Annual Malabar drills to be held in US territory

Military exercise by India, Japan, US to take place off Guam in bid to boost cooperation beyond Indian Ocean

For the first time, India, Japan and the United States will hold their annual Malabar exercises off the US territory of Guam, as they seek to improve cooperation amid increasing focus on the Indo-Pacific region.

The war games, to be conducted from tomorrow until June 16, come as the three countries expand their area of cooperation beyond the Indian Ocean, where the exercises usually take place.

This is also seen by analysts as a counter to the growing maritime clout of China.

Three Indian warships and an aircraft from the Eastern Command will take part in the exercises. The US has six warships, while Japan has a helicopter carrier, two warships and a submarine.

The exercises include aircraft carrier operations, anti-submarine warfare and joint manoeuvres, said India's Ministry of Defence.

"Over the last 26 years, this maritime exercise has grown in scope and complexity and aims to address the variety of shared threats and challenges to maritime security in the Indo-Pacific," the ministry said in a statement.

INDO-PACIFIC FOCUS

The fact that we are having the exercises off the coast of Guam is a reiteration of the wholehearted acceptance of the Indo-Pacific construct while the subterraneous strategic message to China is 'look, we are in close cooperation with the US and Japan.'

DEFENCE ANALYST P. K. GHOSH


CONCERN OVER CHINA

Japan is worried, India and the US are worried with respect to how China is moving into the South China Sea and and Eastern Pacific. That is why the Malabar exercises are important.

RETIRED AIR VICE-MARSHAL MANMOHAN BAHADUR

The Malabar exercises started off in 1992 as a bilateral exercise between the US and India, but expanded to include Japan in 2015.

The drills usually take place in the Indian Ocean and occasionally off the coast of Japan. Last year, they took place in the Bay of Bengal.

The Indo-Pacific region stretches from the Indian Ocean to the coast of Africa, the South China Sea and the Pacific Ocean. The US recently renamed its Hawaii-based Pacific Command as the US Indo-Pacific Command.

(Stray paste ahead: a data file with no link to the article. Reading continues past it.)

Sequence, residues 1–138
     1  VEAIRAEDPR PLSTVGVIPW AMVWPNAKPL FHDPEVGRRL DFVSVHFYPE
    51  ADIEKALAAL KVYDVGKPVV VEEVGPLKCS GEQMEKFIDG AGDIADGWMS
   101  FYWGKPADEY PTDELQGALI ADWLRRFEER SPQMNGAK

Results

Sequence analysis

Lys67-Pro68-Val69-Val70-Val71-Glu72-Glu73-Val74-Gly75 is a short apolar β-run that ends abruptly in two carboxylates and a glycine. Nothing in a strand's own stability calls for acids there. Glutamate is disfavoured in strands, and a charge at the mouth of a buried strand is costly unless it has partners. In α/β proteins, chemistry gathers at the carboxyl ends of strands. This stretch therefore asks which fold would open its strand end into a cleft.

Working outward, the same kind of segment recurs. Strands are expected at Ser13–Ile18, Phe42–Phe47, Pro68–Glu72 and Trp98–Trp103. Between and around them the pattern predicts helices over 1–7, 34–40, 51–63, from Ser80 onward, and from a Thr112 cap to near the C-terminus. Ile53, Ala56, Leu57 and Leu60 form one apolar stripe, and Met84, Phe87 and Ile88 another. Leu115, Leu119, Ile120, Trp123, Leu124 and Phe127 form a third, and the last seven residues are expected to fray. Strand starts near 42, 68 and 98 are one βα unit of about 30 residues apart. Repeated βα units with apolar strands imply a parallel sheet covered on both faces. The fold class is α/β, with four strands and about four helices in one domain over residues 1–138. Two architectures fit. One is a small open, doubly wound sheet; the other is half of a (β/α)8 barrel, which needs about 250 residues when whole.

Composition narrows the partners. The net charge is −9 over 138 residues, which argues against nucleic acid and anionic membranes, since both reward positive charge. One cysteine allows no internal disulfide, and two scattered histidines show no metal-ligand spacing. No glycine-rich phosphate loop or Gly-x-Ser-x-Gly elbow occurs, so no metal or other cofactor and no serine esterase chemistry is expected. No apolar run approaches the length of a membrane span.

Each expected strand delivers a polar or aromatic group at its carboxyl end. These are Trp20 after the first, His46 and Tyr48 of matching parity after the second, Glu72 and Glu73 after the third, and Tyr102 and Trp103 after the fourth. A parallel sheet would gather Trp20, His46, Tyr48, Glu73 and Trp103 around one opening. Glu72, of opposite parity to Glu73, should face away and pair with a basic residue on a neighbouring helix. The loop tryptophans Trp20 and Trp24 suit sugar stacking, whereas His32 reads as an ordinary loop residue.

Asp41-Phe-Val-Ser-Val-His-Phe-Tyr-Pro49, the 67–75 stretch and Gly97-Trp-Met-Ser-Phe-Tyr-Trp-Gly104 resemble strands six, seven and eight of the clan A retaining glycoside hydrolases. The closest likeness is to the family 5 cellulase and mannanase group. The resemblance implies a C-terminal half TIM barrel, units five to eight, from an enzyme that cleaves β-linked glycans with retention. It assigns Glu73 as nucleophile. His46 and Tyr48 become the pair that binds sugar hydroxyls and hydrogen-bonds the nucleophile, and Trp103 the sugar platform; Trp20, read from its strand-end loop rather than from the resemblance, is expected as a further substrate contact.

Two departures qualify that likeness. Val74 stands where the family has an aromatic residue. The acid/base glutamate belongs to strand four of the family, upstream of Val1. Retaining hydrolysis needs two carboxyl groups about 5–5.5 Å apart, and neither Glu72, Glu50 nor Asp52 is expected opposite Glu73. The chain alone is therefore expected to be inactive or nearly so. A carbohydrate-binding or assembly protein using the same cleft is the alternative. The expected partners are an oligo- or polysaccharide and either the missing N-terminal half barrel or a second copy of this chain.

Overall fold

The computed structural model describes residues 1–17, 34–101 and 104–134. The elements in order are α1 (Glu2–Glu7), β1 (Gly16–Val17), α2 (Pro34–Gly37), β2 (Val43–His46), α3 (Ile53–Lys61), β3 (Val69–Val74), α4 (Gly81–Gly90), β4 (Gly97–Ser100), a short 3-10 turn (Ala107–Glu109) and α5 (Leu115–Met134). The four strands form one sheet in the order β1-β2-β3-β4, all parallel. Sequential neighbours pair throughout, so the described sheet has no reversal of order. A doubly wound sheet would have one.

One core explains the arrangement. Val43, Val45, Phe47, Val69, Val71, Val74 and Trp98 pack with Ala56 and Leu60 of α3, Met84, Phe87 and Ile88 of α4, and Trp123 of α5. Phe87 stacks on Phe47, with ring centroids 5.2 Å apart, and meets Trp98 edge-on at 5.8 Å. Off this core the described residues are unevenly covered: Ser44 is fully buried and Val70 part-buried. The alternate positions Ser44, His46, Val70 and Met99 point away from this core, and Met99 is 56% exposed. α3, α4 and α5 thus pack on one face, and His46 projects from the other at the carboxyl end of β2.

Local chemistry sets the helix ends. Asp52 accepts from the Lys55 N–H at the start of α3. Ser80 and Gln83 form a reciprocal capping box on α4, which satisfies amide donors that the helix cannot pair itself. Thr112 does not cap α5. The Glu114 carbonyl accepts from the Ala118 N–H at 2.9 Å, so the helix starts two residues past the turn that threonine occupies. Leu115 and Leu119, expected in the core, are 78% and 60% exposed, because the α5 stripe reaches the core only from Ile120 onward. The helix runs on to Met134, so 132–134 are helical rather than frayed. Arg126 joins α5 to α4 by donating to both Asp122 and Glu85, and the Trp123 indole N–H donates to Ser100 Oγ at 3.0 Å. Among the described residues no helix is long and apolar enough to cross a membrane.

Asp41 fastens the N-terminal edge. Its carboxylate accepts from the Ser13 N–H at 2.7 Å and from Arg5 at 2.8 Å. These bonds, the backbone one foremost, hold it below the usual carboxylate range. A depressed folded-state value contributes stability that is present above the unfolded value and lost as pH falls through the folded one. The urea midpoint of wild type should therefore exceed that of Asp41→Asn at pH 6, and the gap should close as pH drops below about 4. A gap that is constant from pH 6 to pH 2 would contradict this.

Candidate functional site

Indian Prime Minister Narendra Modi, in his recent speech at the Shangri-La Dialogue in Singapore, called the Indo-Pacific "a natural region" and described how India's armed forces, particularly the navy, was building and expanding partnerships in the region.

Analysts said it is significant that the exercises will be taking place for the first time in United States territory.

"The fact that we are having the exercises off the coast of Guam is a reiteration of the wholehearted acceptance of the Indo-Pacific construct while the subterraneous strategic message to China is 'look, we are in close cooperation with the US and Japan'," said defence analyst P. K. Ghosh.

"These are probably the most complex exercises we ever have with any country. It is a tactical or a strategic game played out on paper. Then the same thing plays out at sea."

Retired air vice-marshal Manmohan Bahadur noted: "Japan is worried, India and the US are worried with respect to how China is moving into the South China Sea and Eastern Pacific. That is why the Malabar exercises are important."

A version of this article appeared in the print edition of The Straits Times on June 06, 2018, with the headline 'Annual Malabar drills to be held in US territory'. Print Edition | Subscribe